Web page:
A special report titled "Life and Death in Assisted Living" that aired last week on the PBS show "Frontline" painted a poor picture of assisted-living services offered by Emeritus, one of the largest providers of assisted-living and retirement communities in North America.
It's not exactly a secret that new parents get little sleep. I'm OK with that. It comes with the territory. But no one tells expectant moms and dads that their little ones eventually will tease them by occasionally sleeping through the night, sometimes for a week or two at a time, but then will regress back to waking up once or twice - sometimes even three times - per night.
I cannot think of a time in my life when newspapers were not present.
With the recent revelations coming out of the Internal Revenue Service - news that it colluded with the Federal Elections Commission to influence rulings - the last place the scandal-plagued agency belongs is in the most personal aspect of our lives: our health care.
Teachers, as you head back to the classroom for the new school year, I would like to tell you that things have changed for the better, but I would be fibbing.
Having a sick child is hard, there's no doubt about that. First and foremost, parents are faced with the sense of helplessness that comes with knowing your son or daughter feels poorly, and there's little that can be done to instantaneously restore their health.
Editor, I would like to thank the Bryan County News for the coverage of the Little League State Championship games held here in Richmond Hill, and also a huge "thank you" to the South Bryan Recreation Department, Kay Green, Eric Gerber, Dan Goggins, Don Watson and volunteers for the beautiful fields that were kept up during the rains.
School starts next week in Bryan County and, funny as it may seem, one of my favorite days of the year was the first day of school. Maybe it had something to do with the new clothes Mom took me shopping for, or the new boxes of crayons and pencils. Of course, it could have been the new "Snoopy" lunch box with the cool thermos holder - which I still have to this day.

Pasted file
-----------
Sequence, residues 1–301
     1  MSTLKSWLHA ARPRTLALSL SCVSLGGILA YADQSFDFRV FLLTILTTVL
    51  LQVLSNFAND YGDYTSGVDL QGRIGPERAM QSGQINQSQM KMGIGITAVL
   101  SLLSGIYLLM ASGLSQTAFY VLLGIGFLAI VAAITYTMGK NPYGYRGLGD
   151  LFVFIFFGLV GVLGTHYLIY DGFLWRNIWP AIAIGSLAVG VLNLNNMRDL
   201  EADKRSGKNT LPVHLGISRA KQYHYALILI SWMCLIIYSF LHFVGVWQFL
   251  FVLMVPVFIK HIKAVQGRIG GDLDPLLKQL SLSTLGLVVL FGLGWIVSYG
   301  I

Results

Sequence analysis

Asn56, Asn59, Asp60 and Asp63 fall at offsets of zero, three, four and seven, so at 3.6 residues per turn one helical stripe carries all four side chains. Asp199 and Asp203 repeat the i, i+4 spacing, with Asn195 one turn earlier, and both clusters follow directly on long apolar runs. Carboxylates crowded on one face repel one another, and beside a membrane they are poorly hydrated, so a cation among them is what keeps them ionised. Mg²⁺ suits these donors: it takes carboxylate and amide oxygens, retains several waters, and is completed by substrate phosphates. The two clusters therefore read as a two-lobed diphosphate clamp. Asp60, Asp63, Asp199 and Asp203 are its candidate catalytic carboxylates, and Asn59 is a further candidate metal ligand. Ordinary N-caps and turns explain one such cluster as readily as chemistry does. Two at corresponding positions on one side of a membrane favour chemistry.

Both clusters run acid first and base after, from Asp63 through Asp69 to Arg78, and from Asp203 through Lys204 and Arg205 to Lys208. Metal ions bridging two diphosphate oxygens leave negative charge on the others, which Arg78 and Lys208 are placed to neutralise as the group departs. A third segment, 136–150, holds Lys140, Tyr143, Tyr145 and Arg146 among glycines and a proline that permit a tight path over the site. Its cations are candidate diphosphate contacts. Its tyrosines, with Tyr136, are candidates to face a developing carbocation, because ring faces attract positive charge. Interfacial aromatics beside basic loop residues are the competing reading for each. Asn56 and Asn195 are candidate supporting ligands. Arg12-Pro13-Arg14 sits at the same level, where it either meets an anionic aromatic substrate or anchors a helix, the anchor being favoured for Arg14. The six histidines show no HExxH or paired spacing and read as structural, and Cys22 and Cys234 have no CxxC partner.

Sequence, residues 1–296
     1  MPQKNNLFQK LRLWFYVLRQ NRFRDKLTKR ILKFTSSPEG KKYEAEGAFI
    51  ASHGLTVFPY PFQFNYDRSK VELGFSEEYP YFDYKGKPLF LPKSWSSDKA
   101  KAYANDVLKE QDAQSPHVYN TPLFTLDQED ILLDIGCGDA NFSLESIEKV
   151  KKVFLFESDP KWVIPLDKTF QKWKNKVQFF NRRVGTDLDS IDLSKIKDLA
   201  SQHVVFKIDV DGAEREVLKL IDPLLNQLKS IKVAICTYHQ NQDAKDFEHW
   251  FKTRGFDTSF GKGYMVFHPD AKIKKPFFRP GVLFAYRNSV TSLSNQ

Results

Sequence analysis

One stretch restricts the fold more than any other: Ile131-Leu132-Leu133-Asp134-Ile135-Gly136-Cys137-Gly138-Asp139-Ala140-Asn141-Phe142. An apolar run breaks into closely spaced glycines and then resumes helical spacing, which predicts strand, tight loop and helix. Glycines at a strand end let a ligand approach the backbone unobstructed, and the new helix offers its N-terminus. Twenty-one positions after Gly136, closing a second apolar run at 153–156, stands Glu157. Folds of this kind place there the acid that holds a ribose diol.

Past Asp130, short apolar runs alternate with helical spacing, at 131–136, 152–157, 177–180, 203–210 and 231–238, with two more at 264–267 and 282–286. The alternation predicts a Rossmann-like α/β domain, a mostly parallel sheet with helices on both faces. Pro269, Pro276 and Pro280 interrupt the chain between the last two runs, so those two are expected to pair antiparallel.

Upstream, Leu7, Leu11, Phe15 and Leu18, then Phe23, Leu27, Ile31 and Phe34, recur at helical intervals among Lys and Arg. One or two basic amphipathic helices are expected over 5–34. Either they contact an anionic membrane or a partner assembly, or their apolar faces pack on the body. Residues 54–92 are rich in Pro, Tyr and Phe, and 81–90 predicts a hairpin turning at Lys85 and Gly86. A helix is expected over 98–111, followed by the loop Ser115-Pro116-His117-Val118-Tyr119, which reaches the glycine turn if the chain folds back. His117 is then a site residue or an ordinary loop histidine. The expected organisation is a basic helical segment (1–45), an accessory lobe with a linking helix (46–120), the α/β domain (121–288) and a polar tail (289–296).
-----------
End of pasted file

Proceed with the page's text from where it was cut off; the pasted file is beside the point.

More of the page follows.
Editor, Our country has a legal jury system and the president of the United States, as well as the attorney general, are supposed to honor this jury by trial. Obama has not only blatantly ignored the facts and the jury's decision of the Zimmerman/Martin case, but stupidly added fuel to the fire with his comments rather than calming the blacks. Holder, who should not be the attorney general since he has perjured himself, is out speaking of the Zimmerman/Martin case saying he pledges that the Justice Department would "continue to act in a manner that is consistent ...
If you want to know why passing congressional legislation has gotten so difficult, here are two numbers to remember: five and 532. They illustrate a great deal about Congress today.
Editor, Would like to say hi to my kids! I hope you have had a great summer. It went by fast. I've missed you and am looking forward to seeing your smiling faces again. Some of you are no longer riding my bus due to an overcrowded bus, but I'm going to miss you. I hope to see you at the schools. I love you all.
With 25 years in the pet industry and formally as a handler licensed by the U.S. Department of Agriculture, I well understand that there is room for improvement in every aspect of animal husbandry. My comments here are superficial to the problems that exist.
I read recently in the Atlanta newspapers that our intrepid public servants just keep on going - on trips, that is.
I probably like to write more than I like to read. Yet, we all know that for one to write well it is important to read well, too … or is it to be well-read? Oh well, when it comes to reading, I am extremely selective. If it's not in my wheelhouse, you can be sure I'm not going to read it. That's too bad, for I am sure that I have missed out on some great writings.
If there's anything cuter than one little blond-haired, blue-eyed baby girl, it's two little blond-haired, blue-eyed baby girls.